Crafting a new bespoke furnitures brand: Studio LBI

Facing more and more requests for bespoke cabinets, furniture and kitchens, Louise Bramhill, of Louise Bramhill Interiors, decided to establish a new venture to helm these works.

About this project

Scotland-based interior designer Louise Bramhill established her practice in 2006, realising commissions across the country with her signature blend of classical influences and contemporary edge.

As part of their projects, the practice would often create bespoke furniture, joinery and cabinetry to bring to life the vision of their clients. Their continued delight with these unique pieces led her to consider launching Studio LBI, a new venture to cover these realisations.

Louise contacted me for advice and we worked together on scoping the project and how to best approach it.

Crafting the visual identity of an interiors design practice in collaboration with the founder.

Early drawings for a bespoke joinery project by Studio LBI.

Brand strategy & creative route

We started with an extensive research in both the process of the practice and the existing landscape of brands producing similarly sophisticated pieces for the home.

The brand strategy was derived from a number of key themes – lucid elegance, crafted handmade and a certain modernity – as well as the values of the creatives forming the practice.

The open process allowed for a profound understanding of the practice’s values, approach and ways of working, which in turn was infused in the brand.

Mirroring their collaborative approach with their own clients, Studio LBI was keen to open a design dialogue with me, meaning quick iterations and a truly open process. The back and forth was rich and allowed for a real depth of understanding.





Studying the visual language of a few of the staples of homeware, makers marks and the codification of technical drawings.

Name and visual identity

The name Studio LBI had already been decided, so we focused on how to best bring to life the studio’s values into an elegant, crafted and layered brand. 


One of the early sources of inspiration for the brand were vintage makers marks in an array of craft disciplines.

The main logotype was crafted with minimal treatment, using a lightly customised lettering anchored around a cycling, fluid “O”. The asymettry of the name is offset by the dot and bespoke, per-letter kerning, resulting in a refined logotype.

The overall identity is inspired by natural materials which the studio uses in their realisations. Slate, stone and textures make their way through the distinct layers of applications, creating a warm and tactile palette that feels organic yet elegant.

We spent a lot of time selecting and customising the fonts for the project, thinking through the various applications. We wanted to inject variety and character, while keeping the weights to the lighter end of the spectrum to convey a higher-end look and feel.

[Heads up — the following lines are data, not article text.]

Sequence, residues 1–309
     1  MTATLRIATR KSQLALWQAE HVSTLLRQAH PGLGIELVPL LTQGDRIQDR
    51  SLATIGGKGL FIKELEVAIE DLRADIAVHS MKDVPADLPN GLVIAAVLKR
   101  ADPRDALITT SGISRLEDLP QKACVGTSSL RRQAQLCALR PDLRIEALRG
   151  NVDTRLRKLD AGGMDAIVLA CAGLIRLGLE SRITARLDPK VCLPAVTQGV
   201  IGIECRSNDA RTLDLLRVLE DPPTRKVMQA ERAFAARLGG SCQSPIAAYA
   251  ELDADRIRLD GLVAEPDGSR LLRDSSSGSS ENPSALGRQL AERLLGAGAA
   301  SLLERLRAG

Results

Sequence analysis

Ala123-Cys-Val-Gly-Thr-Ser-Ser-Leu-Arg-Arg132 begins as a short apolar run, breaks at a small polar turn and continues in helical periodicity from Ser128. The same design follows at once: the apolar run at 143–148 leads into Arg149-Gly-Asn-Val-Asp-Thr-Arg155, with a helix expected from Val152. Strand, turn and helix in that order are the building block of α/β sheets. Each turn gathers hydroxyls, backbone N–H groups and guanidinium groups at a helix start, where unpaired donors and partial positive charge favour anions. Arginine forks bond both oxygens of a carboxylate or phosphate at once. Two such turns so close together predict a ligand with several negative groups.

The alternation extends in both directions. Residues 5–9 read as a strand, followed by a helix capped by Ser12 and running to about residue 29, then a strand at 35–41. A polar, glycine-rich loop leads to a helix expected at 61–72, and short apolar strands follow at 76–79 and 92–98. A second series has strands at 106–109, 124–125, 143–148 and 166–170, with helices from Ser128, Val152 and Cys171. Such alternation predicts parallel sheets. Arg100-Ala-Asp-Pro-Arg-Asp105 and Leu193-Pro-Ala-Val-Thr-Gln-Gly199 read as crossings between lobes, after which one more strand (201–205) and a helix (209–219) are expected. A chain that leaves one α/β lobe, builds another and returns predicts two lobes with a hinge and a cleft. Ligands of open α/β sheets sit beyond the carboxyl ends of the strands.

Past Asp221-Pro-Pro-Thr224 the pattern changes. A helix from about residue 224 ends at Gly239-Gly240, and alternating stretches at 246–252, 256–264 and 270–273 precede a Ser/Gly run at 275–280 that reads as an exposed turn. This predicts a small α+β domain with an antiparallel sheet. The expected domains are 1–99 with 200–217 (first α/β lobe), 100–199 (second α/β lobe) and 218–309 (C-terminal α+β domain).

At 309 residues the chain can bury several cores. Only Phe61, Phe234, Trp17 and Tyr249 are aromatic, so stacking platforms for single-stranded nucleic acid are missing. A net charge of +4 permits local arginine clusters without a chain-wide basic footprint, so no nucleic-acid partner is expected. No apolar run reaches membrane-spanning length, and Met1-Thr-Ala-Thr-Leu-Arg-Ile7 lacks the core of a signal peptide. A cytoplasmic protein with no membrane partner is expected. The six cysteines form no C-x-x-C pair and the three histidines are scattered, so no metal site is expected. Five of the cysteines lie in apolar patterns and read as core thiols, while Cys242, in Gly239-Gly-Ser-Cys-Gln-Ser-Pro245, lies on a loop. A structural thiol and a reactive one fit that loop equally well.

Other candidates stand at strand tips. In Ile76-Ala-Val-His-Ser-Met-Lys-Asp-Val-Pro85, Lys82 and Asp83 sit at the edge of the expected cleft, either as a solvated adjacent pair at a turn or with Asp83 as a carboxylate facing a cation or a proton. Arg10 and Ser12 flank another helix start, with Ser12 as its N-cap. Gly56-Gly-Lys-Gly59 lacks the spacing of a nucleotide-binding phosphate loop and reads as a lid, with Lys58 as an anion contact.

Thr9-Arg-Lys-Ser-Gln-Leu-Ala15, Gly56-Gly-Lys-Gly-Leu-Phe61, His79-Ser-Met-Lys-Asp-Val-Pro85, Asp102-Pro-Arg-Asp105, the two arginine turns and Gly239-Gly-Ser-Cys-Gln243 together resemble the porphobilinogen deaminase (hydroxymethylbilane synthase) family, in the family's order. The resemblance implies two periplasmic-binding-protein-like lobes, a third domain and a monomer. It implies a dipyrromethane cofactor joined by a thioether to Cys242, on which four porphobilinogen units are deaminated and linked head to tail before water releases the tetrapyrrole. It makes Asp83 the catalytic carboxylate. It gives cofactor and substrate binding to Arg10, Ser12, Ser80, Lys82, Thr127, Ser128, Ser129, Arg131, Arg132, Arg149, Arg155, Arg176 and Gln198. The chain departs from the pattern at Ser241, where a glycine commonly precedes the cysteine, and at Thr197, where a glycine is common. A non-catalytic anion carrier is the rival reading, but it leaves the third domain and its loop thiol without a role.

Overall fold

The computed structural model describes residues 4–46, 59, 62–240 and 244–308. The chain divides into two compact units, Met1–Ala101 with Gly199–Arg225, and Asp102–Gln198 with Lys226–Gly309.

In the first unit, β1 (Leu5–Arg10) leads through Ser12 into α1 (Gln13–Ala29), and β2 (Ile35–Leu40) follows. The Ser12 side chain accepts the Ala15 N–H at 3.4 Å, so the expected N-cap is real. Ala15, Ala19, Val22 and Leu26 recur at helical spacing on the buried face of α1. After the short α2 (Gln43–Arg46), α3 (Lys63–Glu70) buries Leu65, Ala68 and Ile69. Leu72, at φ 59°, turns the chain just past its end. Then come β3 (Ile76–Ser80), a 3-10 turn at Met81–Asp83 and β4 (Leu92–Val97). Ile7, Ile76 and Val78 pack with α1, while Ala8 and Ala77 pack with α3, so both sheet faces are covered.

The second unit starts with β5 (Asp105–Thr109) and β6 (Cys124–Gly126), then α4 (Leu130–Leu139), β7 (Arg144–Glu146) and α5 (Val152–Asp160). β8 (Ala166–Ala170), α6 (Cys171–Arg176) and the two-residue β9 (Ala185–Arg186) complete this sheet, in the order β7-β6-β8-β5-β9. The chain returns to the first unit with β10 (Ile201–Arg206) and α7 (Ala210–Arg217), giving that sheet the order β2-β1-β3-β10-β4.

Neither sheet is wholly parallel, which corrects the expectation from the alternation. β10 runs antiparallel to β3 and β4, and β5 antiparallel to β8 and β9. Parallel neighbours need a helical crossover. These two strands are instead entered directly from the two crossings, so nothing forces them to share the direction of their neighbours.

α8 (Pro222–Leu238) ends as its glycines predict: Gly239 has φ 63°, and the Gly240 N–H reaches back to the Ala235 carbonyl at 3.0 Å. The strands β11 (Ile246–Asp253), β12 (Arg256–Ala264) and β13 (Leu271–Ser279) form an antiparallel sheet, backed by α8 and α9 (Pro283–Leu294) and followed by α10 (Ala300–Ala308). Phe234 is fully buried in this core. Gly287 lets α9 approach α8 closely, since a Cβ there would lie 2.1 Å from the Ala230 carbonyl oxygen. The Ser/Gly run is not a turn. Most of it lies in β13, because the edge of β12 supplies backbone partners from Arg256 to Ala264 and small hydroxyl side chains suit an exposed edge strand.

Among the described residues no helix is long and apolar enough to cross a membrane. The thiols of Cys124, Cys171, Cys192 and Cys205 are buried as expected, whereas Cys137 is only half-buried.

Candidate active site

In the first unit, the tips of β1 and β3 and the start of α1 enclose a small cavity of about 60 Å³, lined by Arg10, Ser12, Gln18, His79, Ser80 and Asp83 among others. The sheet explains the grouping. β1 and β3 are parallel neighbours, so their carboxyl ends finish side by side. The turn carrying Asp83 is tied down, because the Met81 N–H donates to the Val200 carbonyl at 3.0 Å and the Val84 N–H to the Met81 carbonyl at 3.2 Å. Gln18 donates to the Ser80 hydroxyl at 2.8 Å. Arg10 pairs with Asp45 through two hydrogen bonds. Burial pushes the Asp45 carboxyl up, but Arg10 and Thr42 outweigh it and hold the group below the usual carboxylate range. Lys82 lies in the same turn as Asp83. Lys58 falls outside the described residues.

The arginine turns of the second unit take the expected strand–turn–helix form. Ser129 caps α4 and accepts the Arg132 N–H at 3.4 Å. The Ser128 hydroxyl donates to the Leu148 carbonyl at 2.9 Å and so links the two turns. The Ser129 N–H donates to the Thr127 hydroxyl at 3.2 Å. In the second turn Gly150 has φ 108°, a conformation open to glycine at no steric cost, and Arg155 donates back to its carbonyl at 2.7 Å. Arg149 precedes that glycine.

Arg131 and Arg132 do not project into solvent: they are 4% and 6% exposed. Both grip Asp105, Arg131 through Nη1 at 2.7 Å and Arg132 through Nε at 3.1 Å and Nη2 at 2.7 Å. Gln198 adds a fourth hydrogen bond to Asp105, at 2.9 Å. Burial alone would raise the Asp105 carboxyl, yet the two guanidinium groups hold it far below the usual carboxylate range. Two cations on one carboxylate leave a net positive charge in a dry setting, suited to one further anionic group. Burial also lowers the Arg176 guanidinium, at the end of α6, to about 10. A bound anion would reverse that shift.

We led with the beautifully balanced hybrid of serif and sans serif MARIGOLD, from Byron Bay-based New Tropical Design, paired with their subtly ligatured Hunter font for headers.

For copy, we opted for Machine Kerning‘s stunning open-source Urbanist font. The low-contrast, voluntarily elemental design brings balance to the more characterful header duet, forming the perfect trio.

Developing the brand into a full identity system including messaging architecture, tone of voice, logo and visual identity usage, colour ways, photography guidelines, applications and templates.


From stationary, letterhead and business cards all the way to sceals and stamps, we wanted to provide Studio LBI with all the tools necessary to apply their brand in understated ways.


The secondary logo comes with the studio’s ambition, which is rooted in the brand strategy and research. It touches on the craft, the timelessness and the bespoke aspect of their pieces. The sceal and is designed for smaller applications, while the stamp is the studio’s mark.

The applications of the visual identity on business cards and banners is in line with the organic feel of the system. Understated foiling and embossing add a level of sophistication through craft, rather than simply for the sake of it.

The mark would always be an understated accent, to be found in the inside of a drawer or in a less expected corner. Here it is portrayed on the outside of a furniture piece as a silver-hued ceramic sceal, showing with subtlety even in a more overt setting.

A printed proposal can go a long way to bring to life a project, especially when it comes to personal passions. Here we show how it could be done with a smart, slim proposal using a 600 gsm cover and either saddle-stitching or case binding (as pictured here).

Studies of possible home amenities and design objects which could be designed to celebrate the delivery of a project.